Last weekend, my wife and I saw “Dunkirk,” a movie about an extraordinary time in history when German armies pushed all the way to the English Channel in their conquest of France and the Low Countries. Hundreds of thousands of English and French troops were surrounded, their backs against the Channel.
To save them — and save Great Britain from what was believed to be a certain German invasion — tens of thousands of private fishing and pleasure boats ferried the troops from the port city of Dunkirk to safety on the English coast.
There have been few efforts in recent history more heroic this one, when ordinary citizens risked their own lives to save their troops and their country from a German juggernaut that had quickly conquered Europe.
Western democracy was crushed by the Nazis that spring of 1940. France surrendered in June of that year and would remain an occupied country until the summer of 1944. To celebrate his triumph, Hitler flew to Paris. A year later, German troops invaded Russia, and an industrialized, government-run extermination program began.
Fast-forward to last weekend, when black-shirted neo-Nazis carrying tiki torches purchased at the home supply store marched and rioted in Charlottesville, Va. An avowed admirer of Hitler was charged with murder for mowing down a counter-protester with his car.
From “Dunkirk” to Charlottesville. All in one weekend.
I suppose it would be easy to classify the neo-Nazis at the protest as naive and ignorant of history, even history as recent as the German war against civilization from 1939 to 1945. But that would be giving them a pass they don’t deserve. Stupidity may be a defense for some things, such as why you forgot to turn on the stove to cook dinner, but certainly not this.
If the gas chambers don’t stand out in your mind, if photographs of Jews — old people, women, children and babies — standing on train platforms at death camps don’t stand out in your mind, then somehow you are able to pretend those events never happened. You can live in your own truth.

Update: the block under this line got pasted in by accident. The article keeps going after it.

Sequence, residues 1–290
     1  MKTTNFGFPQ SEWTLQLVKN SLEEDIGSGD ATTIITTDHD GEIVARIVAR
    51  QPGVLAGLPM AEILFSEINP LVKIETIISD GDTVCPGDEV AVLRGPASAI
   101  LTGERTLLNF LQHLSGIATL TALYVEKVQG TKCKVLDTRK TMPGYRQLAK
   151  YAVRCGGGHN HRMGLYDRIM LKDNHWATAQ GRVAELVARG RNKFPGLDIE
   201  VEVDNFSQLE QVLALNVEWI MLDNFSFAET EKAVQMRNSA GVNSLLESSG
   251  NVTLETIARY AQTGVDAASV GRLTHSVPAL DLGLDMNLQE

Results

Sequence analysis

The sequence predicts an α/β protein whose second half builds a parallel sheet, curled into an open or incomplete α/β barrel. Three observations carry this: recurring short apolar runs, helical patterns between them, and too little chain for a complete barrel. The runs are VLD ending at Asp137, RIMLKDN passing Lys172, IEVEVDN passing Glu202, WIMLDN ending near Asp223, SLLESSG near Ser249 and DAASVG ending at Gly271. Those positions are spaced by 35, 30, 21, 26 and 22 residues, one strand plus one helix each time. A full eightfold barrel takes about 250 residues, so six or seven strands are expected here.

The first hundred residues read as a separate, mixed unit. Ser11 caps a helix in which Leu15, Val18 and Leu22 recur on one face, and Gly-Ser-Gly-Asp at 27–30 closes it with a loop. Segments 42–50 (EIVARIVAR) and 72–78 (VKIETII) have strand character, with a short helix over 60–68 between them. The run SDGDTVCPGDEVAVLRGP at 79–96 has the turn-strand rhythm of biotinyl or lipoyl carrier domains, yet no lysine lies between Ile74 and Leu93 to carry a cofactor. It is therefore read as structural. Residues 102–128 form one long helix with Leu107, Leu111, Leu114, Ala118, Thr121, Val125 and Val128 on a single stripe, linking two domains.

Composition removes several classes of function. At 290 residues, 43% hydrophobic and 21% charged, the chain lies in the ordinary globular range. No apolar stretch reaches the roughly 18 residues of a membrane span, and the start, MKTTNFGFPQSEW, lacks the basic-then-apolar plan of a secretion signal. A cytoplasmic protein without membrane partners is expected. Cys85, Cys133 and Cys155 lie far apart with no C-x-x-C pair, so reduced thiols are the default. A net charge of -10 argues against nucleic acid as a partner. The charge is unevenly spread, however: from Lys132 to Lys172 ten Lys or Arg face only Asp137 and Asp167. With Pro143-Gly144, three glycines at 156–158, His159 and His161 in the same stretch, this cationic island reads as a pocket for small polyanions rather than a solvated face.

Many thousands of Germans thought the Nazis when they first reared their ugly heads in the mid-1920s were nuts no one could possibly support. They would scream and shout and march down the boulevards and fade away. Then Hitler was appointed chancellor in January 1933. What seemed impossible at one time came to life at another time.
Parts of the American South have been roiling since a number of municipalities decided to remove statues of “heroes” of the war of 1861-1865 such as Robert E. Lee. A larger-than-life statue of Lee astride his horse is at the center of the chaos in Charlottesville.
Clearly, there is also confusion about American history and not just recent European history. The Civil War was fought over slavery. It was first about the westward expansion of slave states and then, with the war underway, about the institution of slavery existing at all in this green, clean land of America.
Near downtown Memphis there is a statue to a Confederate cavalry officer named Nathan Bedford Forrest. The statue was erected in 1905 as an “enduring monument” to Forrest. Before the war, Forrest was a slave trader. After the war was lost, he became an early member of the Ku Klux Klan, a group that was resurgent at the time the statue was erected. The Klan is now considered a domestic terror organization. Its members were also on display last weekend in Charlottesville.
We all have our heroes. In Memphis in 1905, Forrest was a hero to enough citizens to have a statue made in his honor. I was reminded of mine when we saw “Dunkirk,” with all the private citizens climbing aboard anything that would float to reach trapped soldiers in France and bring them to safety, so they could fight the menace of Nazism another day.
If you want to read about another group of heroes closer to home, study Joshua Lawrence Chamberlain’s successful stand on Little Round Top at Gettysburg on the second day of that epic battle. He and his men stopped wave after wave of Confederate troops who were trying to get behind Union lines.
Or take Main Road toward Southold hamlet. Just west of the business district, where the road curves at the American Legion post, stop and read the names on the Civil War statue there. Like Chamberlain, like the boat owners in the English Channel, those men saw a cause to fight for.
The World War II generation is fast dying off. I can imagine a 90-something-year-old man who maybe landed at Normandy, fought in the Battle of the Bulge and helped defeat the Nazis. I can imagine how he felt turning on the news last weekend and seeing Americans with their right arms stuck out in the Nazi salute.
Top photo credit: Warner Bros.
The author is the executive editor of the Times Review Media Group. He can be reached at 631-354-8048 or [email protected]